A (not so brief) history of hate

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Since the horrific shooting of Rep. Giffords and the loss of Judge Roll, Christina Green, and four other innocent bystanders, folks have been grappling with the role of violent rhetoric in triggering the tragedy. And now the National Day Laborer Organizing Network has set up A History of Hate: Political Violence in a Rogue State to chronicle political violence and intimidation in Arizona since 1987, which is when U2’s Bono received a death threat because of his stance on Martin Luther King.

“Something strange happened toward the end of the Joshua Tree tour,” Bono noted in a 2006 interview. “We had campaigned for Martin Luther King Day in Tempe, Arizona, where the tour opened back in April. There was a governor there called Mecham who was holding out against it, and we had got involved in local politics there and took a stand. We went back to Tempe at the end of the tour, in December, to play the Sun Devil Stadium.”

“I was getting death threats throughout the tour," Bono said. "This character was a racist offended by our work, he thought we were messing in other people’s business and taking sides with the Black man. One night the FBI said: ‘Look, it’s quite serious. He says he has a ticket. He said he’s armed.’… So we played the show, the FBI were around, everyone was a little unnerved. You just didn’t know, could he be in the building?”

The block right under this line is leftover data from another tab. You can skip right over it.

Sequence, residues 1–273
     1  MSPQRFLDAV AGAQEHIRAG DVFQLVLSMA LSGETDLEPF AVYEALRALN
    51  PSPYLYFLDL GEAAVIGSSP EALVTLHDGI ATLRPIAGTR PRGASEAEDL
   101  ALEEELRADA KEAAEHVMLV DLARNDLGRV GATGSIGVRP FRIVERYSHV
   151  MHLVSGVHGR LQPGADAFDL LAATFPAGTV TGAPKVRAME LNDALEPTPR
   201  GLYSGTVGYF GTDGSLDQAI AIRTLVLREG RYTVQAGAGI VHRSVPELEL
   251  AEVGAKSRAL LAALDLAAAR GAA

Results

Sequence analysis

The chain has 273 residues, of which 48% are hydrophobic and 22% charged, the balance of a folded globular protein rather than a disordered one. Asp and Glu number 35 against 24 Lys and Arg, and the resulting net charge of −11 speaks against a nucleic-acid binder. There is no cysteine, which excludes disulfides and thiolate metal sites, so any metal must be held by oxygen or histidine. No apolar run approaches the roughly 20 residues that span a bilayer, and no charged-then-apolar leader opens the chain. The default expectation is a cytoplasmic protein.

A History of Hate's stated mission is "collecting evidence of intolerance that have been brewing and boiling over in this country." And it's asking folks to  contribute their story to this growing archive, "so we can turn the tide from a history of hate to a future of progress."

 “Our hearts go out to the victims and their families in this horrible tragedy,” NDLON director Pablo Alvarado stated. “We mourn alongside them in part because as day laborers, we understand deeply the experience of being targeted by violent hatred and extremism. If there is one lesson from those who have built the historical rights and privileges we enjoy, it is this: hate must be confronted so it can be overcome by love. It cannot be ignored and the world needs to know,” Alvarado continued. “What Arizona needs, and what all of us need, is to confront the hard truth of our current political environment with unifying steps. After we have paused to comprehend the immeasurable tragedy in Arizona, we must now do our part to make a more just society.”

Sounds like a good idea. Hey, maybe immigrant rights advocates and the communities they represent can submit all the hate mail and death threats they regularly receive --a burden they have so far largely borne alone and in silence.